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Raising the Bar or Lowering It?

My client told me a roach fell from the ceiling of her room at rehab.

You read that correctly. A roach. As in the insect.

Before I go any further, I want you to picture this happening in a non-healthcare environment. Let's look at a few examples:

* Roach falls from the ceiling at a restaurant-panic ensues, restaurant clears out, restaurant health inspectors are called and perform an audit, article is written in the newspaper, and news station may cover the story.

* Roach falls from above the bed in an upscale hotel-hotel guest screams, calls the front desk staff, a new room is assigned, bill is likely adjusted, and maintenance immediately addresses the situation.

Now, let's go back to the healthcare environment in which this occurred. The roach falls, a staff member disposes of it, and nothing is spoken about it again. Until I arrive of course, at which point I immediately inform the Assistant Director of Nursing who simply takes written notes as I explain what happened. No apology, no look of disgust on her face, no response of any kind other than a muted head nod when I say this cannot and will not happen again.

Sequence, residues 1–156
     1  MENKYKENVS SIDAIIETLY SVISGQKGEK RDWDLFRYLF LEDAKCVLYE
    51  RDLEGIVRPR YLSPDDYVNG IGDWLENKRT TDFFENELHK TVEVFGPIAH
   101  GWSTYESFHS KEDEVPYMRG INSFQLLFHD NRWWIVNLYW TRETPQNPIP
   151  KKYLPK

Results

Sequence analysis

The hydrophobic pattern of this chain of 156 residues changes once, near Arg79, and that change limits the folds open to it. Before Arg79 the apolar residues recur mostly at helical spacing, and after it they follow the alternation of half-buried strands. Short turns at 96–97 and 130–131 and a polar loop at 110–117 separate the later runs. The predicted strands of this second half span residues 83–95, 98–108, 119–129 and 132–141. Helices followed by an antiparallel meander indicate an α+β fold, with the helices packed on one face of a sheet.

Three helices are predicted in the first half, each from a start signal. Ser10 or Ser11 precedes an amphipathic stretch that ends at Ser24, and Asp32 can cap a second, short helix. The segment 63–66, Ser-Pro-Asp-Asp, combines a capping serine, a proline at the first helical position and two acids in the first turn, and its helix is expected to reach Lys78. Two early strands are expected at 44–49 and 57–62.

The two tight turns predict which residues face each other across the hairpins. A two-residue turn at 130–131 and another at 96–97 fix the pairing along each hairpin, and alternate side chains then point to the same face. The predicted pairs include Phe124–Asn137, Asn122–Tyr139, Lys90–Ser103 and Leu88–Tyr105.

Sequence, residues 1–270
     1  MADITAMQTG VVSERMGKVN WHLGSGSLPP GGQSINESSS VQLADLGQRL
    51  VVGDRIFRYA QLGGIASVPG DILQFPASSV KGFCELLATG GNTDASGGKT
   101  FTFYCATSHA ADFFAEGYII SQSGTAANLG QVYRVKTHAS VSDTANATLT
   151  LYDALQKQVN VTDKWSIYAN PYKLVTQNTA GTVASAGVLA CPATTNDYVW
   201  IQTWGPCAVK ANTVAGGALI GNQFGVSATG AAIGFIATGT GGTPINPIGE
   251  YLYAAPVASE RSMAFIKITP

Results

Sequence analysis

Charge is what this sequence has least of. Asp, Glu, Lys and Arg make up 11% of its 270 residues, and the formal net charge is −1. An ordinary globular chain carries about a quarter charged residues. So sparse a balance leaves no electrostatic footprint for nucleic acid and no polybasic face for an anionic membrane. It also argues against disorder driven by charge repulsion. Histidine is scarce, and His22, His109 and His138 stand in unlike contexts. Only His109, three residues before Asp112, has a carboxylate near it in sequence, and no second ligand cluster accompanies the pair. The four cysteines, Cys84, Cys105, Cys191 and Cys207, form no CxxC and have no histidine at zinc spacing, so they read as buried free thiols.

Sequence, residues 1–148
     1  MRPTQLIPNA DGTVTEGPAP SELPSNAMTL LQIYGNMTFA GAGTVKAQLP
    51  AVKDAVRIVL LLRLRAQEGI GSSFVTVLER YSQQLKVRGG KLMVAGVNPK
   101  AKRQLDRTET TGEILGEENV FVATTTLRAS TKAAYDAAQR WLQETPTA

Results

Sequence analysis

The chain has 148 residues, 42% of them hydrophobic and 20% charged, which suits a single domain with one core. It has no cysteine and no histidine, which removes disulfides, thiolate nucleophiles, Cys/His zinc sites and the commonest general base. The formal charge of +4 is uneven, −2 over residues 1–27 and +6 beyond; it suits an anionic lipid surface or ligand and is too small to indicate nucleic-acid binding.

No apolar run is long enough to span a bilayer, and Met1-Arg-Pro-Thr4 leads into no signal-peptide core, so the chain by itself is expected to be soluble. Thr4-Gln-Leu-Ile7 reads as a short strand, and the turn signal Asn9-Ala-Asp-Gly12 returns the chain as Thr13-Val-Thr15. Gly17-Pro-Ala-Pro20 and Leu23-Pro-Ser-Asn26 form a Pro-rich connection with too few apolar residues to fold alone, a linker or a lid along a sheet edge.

What does this say about our healthcare industry? There is no more important work on the planet than the work done to save another person's life. Yet, the culture of the medical system has created an emotional indifference toward the very end user it is serving.

Why does the restaurant-goer receive better service than the ill patient? Why is the hotel guest treated like royalty while the sick patient is barely treated like a human? How is this ok? And how did this happen? Where are our priorities as a society and when will we start demanding higher standards?

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